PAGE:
Tropical Malady in La Fuga

tropical malady

Tropical Malady: Territorios inciertos. Everyone notices the broken-backed narratives of the first few films by Apichatpong Weerasethakul, made around a decade ago now. Goodness how time flies! How we give aesthetic and other values to Apichatpong’s distinctive storytelling remains the big question to ponder still. I like the connection made at the end of this short review of his สัตว์ประหลาด/Tropical Malady (2004), written by Sebastian Lorenzo and posted on the Chilean web magazine La Fuga. He links Apichatpong’s fragmented and freely dissembling approach to narrative construction to myth-making, to the act of bricolage. He then characterises Tropical Malady‘s significance in terms of a film that fertilely connects the old, that reanimates a narrative tradition preceding cinema’s narrative institutionalisation.

Lorenzo’s critical insight overlaps nicely with Apichatpong’s own description of this film as a homage to the peculiarly disaggregated style of old Thai films. I’ve always liked Apichatpong’s adoption of this particular tactic of validating his own work. To contextualise his aesthetics as a homage to old Thai things preempts the lazy accusations that used to plague him in Thailand, as he was rising to global prominence, that his films are made for foreigners. But what’s more subtle, and most often left unsaid by the artist himself, is that Tropical Malady, as with his other work, is a homage to the free spirits and wild souls in those lowly old Thai things dismissed as the culture of them downstairs. A primitivism of sorts, anarchistically tinged.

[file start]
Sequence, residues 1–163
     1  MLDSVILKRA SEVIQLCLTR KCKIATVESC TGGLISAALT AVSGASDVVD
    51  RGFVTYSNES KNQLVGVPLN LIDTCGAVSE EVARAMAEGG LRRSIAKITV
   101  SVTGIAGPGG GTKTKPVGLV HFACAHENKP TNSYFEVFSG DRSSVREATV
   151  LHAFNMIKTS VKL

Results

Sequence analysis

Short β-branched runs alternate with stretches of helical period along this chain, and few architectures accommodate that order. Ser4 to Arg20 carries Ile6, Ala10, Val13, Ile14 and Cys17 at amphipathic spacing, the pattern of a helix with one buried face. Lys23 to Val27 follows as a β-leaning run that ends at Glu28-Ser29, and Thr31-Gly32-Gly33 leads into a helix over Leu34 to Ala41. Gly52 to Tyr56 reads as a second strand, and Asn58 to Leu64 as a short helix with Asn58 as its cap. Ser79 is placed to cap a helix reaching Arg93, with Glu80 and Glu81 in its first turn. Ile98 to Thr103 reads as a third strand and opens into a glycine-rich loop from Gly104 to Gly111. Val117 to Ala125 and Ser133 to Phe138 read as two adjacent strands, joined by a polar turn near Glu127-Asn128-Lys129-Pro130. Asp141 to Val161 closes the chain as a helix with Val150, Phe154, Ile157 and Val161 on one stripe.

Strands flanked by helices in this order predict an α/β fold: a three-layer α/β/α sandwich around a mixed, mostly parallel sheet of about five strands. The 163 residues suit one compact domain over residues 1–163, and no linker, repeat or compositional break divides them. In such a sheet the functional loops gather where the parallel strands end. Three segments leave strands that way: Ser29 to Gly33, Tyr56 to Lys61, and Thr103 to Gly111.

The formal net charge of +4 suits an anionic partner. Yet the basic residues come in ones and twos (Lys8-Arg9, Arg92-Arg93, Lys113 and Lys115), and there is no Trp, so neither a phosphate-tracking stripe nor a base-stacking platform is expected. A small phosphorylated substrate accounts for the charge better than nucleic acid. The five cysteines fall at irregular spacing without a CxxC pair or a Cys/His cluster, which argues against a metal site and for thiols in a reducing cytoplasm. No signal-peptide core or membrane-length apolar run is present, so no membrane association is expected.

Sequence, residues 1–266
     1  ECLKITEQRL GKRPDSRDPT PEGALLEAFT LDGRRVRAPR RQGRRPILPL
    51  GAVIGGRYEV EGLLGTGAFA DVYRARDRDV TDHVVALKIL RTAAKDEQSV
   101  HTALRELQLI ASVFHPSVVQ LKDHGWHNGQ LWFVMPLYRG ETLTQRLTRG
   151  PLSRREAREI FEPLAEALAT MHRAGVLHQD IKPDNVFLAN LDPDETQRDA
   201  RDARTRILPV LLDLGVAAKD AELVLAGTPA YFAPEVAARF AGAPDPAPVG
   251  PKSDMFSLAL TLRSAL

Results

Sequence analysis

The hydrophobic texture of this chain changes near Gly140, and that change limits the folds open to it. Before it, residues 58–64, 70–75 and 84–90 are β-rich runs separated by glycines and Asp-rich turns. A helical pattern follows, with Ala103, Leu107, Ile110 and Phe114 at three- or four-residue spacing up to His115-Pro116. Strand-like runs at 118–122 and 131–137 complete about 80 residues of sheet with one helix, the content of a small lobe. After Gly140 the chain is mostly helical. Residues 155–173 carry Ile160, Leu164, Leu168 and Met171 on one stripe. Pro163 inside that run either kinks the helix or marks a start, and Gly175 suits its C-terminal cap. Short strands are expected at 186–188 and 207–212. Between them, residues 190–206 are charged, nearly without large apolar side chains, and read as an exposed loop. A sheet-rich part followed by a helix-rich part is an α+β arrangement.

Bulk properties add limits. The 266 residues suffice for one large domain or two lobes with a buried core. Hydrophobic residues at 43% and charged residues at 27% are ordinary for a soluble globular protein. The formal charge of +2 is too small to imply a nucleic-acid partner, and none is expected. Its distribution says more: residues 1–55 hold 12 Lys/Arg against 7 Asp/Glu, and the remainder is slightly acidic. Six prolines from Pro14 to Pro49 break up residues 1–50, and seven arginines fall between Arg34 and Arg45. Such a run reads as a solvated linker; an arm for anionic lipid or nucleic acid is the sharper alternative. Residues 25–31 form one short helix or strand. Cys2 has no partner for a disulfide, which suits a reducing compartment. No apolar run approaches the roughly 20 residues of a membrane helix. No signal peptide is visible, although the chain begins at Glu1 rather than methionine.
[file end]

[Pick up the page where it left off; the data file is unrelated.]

The NFT London is showing a mammoth retrospective of Pasolini’s films this early spring. I caught Arabian Nights (1974) yesterday and realised for the first time that there’s a lot connecting Apichatpong with Pasolini. How both of them love faces. The same shamanistic channelling of joy. In Pasolini’s case scene after scene of sex without alienation, and the brazenness with which he whips his viewers on an imaginative ride back to an archaic world where the smiling faces of archetypal North African beauty speak, but of course!, in Italian. And the boy with the first crop of downy moustache on his tender upper lip finds his “Zu-ma-ruuuuudd!” again at the end of the film, just like that. Walking out into an unusually quiet late Saturday night round the boozy, piss sodden back streets of Waterloo I thought how much I’d love to see Apichatpong take on the Ramayana.

May Adadol Ingawanij


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